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Structure. 2015 Dec 1;23(12):2349-2357. doi: 10.1016/j.str.2015.10.001. Epub 2015 Nov 12.

Cryoelectron Tomography of the NAIP5/NLRC4 Inflammasome: Implications for NLR Activation.

Author information

1
Department of Molecular Cell Biology, Leiden University Medical Center, P.O. Box 9600, 2300 RC Leiden, the Netherlands; Crystal and Structural Chemistry, Department of Chemistry, Faculty of Science, Bijvoet Center for Biomolecular Research, Utrecht University, 3584 CH Utrecht, the Netherlands.
2
Crystal and Structural Chemistry, Department of Chemistry, Faculty of Science, Bijvoet Center for Biomolecular Research, Utrecht University, 3584 CH Utrecht, the Netherlands.
3
Department of Molecular Cell Biology, Leiden University Medical Center, P.O. Box 9600, 2300 RC Leiden, the Netherlands.
4
Department of Molecular Cell Biology, Leiden University Medical Center, P.O. Box 9600, 2300 RC Leiden, the Netherlands. Electronic address: r.i.koning@lumc.nl.

Abstract

Inflammasomes are high molecular weight protein complexes that play a crucial role in innate immunity by activating caspase-1. Inflammasome formation is initiated when molecules originating from invading microorganisms activate nucleotide-binding domain and leucine-rich repeat-containing receptors (NLRs) and induce NLR multimerization. Little is known about the conformational changes involved in NLR activation and the structural organization of NLR multimers. Here, we show by cryoelectron tomography that flagellin-induced NAIP5/NLRC4 multimers form right- and left-handed helical polymers with a diameter of 28 nm and a pitch of 6.5 nm. Subtomogram averaging produced an electron density map at 4 nm resolution, which was used for rigid body fitting of NLR subdomains derived from the crystal structure of dormant NLRC4. The resulting structural model of inflammasome-incorporated NLRC4 indicates that a prominent rotation of the LRR domain of NLRC4 is necessary for multimer formation, providing unprecedented insight into the conformational changes that accompany NLR activation.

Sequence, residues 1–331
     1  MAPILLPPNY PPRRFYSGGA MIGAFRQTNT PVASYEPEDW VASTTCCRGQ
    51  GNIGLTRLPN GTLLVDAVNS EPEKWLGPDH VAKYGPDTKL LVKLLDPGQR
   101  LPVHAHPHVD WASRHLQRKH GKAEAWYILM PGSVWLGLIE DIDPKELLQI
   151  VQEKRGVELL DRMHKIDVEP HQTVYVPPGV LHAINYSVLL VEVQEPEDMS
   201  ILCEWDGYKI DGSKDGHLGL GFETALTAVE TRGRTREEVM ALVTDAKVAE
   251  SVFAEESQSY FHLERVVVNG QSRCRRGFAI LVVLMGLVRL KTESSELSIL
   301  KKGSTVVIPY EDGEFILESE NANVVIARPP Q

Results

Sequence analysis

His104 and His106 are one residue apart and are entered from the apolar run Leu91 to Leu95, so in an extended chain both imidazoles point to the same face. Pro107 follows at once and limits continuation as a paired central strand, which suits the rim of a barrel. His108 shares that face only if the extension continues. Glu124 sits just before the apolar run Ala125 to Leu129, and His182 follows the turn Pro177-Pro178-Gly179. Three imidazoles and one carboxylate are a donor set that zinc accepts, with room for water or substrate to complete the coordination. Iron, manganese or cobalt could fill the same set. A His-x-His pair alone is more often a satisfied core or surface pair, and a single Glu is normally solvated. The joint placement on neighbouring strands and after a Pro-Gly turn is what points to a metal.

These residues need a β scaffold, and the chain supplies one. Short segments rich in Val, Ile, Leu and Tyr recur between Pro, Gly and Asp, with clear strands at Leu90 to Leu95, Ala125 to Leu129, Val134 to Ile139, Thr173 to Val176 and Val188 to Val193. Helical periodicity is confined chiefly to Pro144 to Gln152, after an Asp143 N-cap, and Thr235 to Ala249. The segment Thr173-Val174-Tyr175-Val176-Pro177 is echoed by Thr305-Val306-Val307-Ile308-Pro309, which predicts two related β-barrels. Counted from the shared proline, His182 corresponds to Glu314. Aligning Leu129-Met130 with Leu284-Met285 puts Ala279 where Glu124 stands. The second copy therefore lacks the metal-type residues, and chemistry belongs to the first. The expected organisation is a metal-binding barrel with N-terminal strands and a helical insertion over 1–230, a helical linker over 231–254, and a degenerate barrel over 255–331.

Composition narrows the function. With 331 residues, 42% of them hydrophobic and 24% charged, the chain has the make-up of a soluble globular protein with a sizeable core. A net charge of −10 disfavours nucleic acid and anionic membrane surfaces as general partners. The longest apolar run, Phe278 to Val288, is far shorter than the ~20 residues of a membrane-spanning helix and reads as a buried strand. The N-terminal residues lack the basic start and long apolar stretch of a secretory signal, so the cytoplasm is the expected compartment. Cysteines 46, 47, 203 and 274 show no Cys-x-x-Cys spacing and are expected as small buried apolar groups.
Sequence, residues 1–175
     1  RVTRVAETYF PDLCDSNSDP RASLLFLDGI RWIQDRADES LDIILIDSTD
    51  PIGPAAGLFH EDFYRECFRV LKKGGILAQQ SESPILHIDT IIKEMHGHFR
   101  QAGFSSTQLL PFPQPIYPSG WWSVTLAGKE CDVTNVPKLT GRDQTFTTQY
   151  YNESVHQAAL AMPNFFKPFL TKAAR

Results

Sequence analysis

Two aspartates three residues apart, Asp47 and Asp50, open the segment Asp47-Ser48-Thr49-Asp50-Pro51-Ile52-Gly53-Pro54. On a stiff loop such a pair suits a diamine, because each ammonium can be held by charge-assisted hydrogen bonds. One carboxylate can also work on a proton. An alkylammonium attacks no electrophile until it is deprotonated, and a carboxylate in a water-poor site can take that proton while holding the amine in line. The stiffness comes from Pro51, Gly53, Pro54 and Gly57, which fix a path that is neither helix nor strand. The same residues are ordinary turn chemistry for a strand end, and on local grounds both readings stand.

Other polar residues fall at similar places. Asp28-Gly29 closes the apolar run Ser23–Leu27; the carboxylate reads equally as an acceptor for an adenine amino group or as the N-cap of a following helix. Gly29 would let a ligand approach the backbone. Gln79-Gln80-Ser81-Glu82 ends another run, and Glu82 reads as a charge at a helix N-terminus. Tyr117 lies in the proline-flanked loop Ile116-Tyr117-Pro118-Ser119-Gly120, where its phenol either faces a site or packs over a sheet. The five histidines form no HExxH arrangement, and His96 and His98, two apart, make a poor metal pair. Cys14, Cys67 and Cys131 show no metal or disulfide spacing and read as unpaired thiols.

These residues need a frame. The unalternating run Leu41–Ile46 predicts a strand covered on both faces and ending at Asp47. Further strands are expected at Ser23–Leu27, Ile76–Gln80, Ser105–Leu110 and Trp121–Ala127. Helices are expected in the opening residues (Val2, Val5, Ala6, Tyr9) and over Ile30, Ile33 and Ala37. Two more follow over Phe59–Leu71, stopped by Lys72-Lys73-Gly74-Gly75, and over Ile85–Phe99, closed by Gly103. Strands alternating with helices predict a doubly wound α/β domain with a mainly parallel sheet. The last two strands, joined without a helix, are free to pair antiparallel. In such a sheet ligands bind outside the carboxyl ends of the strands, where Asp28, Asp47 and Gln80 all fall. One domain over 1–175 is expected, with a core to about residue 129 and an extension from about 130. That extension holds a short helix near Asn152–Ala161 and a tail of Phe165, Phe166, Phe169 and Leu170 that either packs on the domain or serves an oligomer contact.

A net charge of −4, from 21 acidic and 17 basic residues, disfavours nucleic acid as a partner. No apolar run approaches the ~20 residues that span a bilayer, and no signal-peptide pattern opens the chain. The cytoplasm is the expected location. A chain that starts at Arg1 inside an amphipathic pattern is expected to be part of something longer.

PMID:
26585513
DOI:
10.1016/j.str.2015.10.001
[Indexed for MEDLINE]
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